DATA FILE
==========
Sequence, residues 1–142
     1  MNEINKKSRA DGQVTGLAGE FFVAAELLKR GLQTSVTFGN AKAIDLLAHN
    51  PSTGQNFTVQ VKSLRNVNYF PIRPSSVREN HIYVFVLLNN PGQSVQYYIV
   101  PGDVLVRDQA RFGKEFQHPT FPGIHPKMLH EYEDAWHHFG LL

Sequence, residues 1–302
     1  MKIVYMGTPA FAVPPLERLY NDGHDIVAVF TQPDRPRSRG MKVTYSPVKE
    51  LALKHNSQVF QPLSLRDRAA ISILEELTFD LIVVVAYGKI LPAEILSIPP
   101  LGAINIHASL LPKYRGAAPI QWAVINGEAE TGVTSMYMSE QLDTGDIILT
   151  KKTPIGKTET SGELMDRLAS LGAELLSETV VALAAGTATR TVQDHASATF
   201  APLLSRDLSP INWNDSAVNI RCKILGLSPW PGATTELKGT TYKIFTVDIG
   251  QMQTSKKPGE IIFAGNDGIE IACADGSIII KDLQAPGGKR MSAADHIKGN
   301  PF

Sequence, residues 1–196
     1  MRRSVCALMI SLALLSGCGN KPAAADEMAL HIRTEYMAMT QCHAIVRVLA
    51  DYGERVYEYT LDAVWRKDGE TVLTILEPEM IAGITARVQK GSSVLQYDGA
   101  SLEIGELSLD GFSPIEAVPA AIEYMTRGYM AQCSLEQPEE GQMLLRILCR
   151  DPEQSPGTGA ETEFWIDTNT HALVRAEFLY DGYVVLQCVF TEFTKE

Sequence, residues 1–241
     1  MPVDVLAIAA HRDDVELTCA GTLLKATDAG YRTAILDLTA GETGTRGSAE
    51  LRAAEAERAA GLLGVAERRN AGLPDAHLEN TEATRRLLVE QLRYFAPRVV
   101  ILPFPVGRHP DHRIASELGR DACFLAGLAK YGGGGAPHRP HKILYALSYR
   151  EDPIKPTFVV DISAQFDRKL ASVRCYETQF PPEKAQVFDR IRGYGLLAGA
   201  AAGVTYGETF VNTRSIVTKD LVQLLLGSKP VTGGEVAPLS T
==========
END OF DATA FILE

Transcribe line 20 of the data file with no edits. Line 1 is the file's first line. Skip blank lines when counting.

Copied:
    51  LRAAEAERAA GLLGVAERRN AGLPDAHLEN TEATRRLLVE QLRYFAPRVV